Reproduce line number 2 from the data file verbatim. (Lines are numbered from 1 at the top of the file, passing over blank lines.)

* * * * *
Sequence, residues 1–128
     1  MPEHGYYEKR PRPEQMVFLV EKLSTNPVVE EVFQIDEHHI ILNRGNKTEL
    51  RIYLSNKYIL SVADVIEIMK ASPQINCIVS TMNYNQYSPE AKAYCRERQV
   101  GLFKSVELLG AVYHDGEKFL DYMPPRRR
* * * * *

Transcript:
     1  MPEHGYYEKR PRPEQMVFLV EKLSTNPVVE EVFQIDEHHI ILNRGNKTEL